The evergreen Cinebench benchmark is powered by Maxon’s Cinema 4D rendering engine. It’s multithreaded and comes with a 64-bit executable. The test runs with a single thread and then with as many threads as possible.
On a single thread, Skylake-X chips take a moderate lead over the Ryzen competition, as we’d expect. Turbo Boost Max 3.0 probably helps, but so does the Skylake architecture’s higher IPC to begin with.
Loose every core of these chips on Cinebench, and the i9-7960X outpaces the Threadripper 1950X thread-for-thread. The i9-7980XE is even further ahead, as it ought to be.
Blender is a widely-used, open-source 3D modeling and rendering application. The app can take advantage of AVX2 instructions on compatible CPUs. We chose the “bmw27” test file from Blender’s selection of benchmark scenes to put our CPUs through their paces.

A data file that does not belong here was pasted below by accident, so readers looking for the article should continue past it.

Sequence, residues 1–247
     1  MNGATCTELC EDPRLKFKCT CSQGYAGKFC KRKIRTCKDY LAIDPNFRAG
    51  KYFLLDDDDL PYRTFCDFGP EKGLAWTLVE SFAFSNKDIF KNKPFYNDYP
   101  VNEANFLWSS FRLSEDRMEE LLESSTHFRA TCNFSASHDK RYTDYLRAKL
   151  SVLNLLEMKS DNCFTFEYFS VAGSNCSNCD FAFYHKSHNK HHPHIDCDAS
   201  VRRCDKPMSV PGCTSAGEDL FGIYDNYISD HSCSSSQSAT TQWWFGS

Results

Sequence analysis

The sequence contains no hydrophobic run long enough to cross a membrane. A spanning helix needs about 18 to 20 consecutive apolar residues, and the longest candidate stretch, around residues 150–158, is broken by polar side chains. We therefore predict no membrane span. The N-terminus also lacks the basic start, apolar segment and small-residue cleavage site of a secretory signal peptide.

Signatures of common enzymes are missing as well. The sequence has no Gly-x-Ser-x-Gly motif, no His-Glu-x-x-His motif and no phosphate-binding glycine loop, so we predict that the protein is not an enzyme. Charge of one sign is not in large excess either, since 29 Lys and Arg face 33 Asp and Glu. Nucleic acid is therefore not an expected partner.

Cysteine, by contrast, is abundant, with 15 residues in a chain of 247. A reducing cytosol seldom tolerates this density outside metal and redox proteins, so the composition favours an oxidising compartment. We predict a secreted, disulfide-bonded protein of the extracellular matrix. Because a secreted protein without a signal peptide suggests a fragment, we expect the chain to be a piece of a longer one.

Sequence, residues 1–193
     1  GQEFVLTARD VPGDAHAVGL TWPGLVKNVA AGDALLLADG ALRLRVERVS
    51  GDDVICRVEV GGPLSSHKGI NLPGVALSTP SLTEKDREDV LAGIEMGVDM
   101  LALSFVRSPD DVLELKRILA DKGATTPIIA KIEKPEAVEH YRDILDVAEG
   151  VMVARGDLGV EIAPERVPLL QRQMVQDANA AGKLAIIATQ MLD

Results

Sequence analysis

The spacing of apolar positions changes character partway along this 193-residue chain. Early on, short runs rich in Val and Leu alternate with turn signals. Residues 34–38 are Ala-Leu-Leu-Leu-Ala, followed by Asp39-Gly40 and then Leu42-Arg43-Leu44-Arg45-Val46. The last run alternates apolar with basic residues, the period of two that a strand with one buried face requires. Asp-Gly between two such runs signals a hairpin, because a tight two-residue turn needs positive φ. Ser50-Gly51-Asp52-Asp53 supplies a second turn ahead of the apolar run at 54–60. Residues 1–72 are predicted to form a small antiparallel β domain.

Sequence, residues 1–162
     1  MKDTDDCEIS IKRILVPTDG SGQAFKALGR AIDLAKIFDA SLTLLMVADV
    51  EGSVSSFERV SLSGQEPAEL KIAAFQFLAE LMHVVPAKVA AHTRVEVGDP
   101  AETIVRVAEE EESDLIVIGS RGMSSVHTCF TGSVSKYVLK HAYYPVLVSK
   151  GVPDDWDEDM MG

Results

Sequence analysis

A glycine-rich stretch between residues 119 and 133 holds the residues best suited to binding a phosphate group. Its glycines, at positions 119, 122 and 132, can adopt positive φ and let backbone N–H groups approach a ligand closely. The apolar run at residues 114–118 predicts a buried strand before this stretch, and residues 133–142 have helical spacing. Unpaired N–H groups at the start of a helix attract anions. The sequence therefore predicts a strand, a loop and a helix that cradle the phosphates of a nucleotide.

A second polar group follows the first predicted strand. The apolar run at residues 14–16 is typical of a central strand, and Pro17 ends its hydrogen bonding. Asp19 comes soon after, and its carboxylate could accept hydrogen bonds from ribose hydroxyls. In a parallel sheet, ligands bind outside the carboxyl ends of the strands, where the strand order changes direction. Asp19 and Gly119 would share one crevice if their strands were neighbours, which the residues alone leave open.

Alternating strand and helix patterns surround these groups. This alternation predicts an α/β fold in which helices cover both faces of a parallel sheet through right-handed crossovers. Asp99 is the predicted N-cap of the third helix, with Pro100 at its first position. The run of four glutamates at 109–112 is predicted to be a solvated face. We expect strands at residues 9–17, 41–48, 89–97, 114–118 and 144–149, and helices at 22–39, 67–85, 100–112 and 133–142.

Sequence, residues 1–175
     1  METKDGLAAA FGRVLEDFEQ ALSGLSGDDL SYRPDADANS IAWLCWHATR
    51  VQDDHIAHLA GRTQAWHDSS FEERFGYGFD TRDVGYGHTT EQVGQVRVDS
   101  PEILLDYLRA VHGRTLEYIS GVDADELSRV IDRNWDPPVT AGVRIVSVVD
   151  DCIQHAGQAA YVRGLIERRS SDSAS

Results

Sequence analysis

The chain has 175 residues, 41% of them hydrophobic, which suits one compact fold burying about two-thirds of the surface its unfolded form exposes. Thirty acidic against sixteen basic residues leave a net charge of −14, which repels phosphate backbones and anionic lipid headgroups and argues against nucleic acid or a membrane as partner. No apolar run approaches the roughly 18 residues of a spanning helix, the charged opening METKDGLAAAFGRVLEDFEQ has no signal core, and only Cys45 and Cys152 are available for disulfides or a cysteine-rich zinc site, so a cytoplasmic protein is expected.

Blender loves it some threads, but neither of the high-core-count Core i9s open much of a lead over the Threadripper 1950X in this test. It seems there’s a wall of diminishing returns around 16 cores in this benchmark.
Here’s a new benchmark for our test suite. Corona, as its developers put it, is a “high-performance (un)biased photorealistic renderer, available for Autodesk 3ds Max and as a standalone CLI application, and in development for Maxon Cinema 4D.”
The company has made a standalone benchmark with its rendering engine inside, so it was a no-brainer to give it a spin on these CPUs. The benchmark reports results in millions of rays cast per second, and we’ve converted that figure to megarays for readability.